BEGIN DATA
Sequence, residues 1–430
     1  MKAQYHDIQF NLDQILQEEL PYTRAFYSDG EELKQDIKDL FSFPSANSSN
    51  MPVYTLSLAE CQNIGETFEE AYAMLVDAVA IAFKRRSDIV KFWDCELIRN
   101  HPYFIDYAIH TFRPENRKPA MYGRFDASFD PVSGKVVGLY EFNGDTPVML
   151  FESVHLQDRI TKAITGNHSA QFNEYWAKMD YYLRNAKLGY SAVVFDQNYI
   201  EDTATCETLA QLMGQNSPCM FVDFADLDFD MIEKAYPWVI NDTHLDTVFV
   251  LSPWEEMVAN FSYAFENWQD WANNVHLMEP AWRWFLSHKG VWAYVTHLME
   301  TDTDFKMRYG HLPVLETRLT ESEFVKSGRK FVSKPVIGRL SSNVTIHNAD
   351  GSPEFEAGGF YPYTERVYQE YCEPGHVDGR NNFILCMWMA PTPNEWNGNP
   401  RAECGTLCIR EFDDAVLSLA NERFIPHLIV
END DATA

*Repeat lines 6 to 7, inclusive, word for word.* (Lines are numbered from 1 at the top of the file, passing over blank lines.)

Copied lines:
   201  EDTATCETLA QLMGQNSPCM FVDFADLDFD MIEKAYPWVI NDTHLDTVFV
   251  LSPWEEMVAN FSYAFENWQD WANNVHLMEP AWRWFLSHKG VWAYVTHLME